no code implementations • 22 Mar 2022 • Eric Hambro, Sharada Mohanty, Dmitrii Babaev, Minwoo Byeon, Dipam Chakraborty, Edward Grefenstette, Minqi Jiang, DaeJin Jo, Anssi Kanervisto, Jongmin Kim, Sungwoong Kim, Robert Kirk, Vitaly Kurin, Heinrich Küttler, Taehwon Kwon, Donghoon Lee, Vegard Mella, Nantas Nardelli, Ivan Nazarov, Nikita Ovsov, Jack Parker-Holder, Roberta Raileanu, Karolis Ramanauskas, Tim Rocktäschel, Danielle Rothermel, Mikayel Samvelyan, Dmitry Sorokin, Maciej Sypetkowski, Michał Sypetkowski
In this report, we summarize the takeaways from the first NeurIPS 2021 NetHack Challenge.
Our approach, which we call Adversarially Compounding Complexity by Editing Levels (ACCEL), seeks to constantly produce levels at the frontier of an agent's capabilities, resulting in curricula that start simple but become increasingly complex.
Reinforcement learning (RL) agents are particularly hard to train when rewards are sparse.
Furthermore, our theory suggests a highly counterintuitive improvement to PLR: by stopping the agent from updating its policy on uncurated levels (training on less data), we can improve the convergence to Nash equilibria.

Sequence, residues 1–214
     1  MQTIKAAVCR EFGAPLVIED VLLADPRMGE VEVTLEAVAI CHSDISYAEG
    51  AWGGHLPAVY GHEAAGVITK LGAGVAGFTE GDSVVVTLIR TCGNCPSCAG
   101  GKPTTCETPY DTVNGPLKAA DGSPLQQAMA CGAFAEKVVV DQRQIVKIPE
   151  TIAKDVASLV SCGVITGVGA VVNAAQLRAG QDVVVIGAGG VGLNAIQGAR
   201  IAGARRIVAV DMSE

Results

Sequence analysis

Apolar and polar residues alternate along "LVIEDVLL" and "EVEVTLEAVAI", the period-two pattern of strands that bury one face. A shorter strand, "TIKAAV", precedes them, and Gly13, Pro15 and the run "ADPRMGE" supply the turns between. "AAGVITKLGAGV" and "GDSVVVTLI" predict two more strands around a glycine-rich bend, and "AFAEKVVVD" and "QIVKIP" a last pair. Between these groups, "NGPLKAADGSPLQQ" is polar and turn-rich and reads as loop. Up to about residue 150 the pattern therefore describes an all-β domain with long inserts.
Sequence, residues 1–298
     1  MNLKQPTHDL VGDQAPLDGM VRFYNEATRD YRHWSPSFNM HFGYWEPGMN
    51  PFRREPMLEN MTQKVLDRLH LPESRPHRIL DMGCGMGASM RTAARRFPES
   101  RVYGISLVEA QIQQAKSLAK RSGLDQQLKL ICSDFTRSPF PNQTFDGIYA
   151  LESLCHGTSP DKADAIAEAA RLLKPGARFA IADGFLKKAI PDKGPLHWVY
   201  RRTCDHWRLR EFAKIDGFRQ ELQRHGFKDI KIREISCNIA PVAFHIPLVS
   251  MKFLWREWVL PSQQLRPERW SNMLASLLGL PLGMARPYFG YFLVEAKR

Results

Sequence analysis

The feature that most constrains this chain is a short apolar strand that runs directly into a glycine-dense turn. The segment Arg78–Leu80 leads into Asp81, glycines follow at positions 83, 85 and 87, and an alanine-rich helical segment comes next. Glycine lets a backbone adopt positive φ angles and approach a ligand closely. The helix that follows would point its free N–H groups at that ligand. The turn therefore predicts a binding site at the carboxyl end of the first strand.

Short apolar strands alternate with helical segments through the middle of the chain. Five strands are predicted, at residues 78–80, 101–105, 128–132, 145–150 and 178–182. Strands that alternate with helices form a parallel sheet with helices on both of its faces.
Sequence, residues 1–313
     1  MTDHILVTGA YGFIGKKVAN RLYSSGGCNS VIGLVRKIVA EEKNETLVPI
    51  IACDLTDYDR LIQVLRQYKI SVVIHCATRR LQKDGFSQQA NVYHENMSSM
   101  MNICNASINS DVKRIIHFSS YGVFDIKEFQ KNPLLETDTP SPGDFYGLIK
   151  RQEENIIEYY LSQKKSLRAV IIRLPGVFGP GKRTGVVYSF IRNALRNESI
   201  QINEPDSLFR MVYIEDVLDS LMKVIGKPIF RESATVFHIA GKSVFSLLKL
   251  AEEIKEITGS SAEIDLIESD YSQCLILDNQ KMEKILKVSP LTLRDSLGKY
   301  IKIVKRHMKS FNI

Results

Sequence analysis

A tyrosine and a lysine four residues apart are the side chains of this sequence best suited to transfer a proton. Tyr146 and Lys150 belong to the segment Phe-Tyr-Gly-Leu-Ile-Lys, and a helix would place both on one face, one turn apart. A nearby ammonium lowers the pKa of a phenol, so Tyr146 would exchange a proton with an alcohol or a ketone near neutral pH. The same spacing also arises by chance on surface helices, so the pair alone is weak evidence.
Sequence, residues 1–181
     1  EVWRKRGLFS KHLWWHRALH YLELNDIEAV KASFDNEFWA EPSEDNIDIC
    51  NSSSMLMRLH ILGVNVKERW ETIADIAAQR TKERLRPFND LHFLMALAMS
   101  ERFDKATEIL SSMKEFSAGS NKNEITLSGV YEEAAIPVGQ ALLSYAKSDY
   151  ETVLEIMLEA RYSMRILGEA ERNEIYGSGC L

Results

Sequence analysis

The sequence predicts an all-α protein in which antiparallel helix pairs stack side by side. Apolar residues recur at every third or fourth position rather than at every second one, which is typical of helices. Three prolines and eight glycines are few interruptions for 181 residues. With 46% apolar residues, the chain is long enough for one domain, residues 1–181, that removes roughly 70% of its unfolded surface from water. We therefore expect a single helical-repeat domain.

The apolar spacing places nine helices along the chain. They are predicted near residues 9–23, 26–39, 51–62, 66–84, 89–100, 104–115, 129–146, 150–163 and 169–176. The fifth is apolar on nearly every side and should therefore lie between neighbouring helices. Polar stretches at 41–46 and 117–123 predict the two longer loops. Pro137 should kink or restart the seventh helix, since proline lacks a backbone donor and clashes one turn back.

Deep Reinforcement Learning (RL) has recently produced impressive results in a series of settings such as games and robotics.
In reinforcement learning (RL), adaptive curricula have proven highly effective for learning policies that generalize well under a wide variety of changes to the environment.
By leveraging the full set of entities and environment dynamics from NetHack, one of the richest grid-based video games, MiniHack allows designing custom RL testbeds that are fast and convenient to use.
Prioritized Level Replay (PLR) has been shown to induce adaptive curricula that improve the sample-efficiency and generalization of reinforcement learning policies in environments featuring multiple tasks or levels.
To address this, we present a robust exploration strategy which enables causal hypothesis-testing by interaction with the environment.
In this work, we show that we can incorporate relational inductive biases, encoded in the form of relational graphs, into agents.
Environments with procedurally generated content serve as important benchmarks for testing systematic generalization in deep reinforcement learning.
This is partly due to the lack of lightweight simulation environments that sufficiently reflect the semantics of the real world and provide knowledge sources grounded with respect to observations in an RL environment.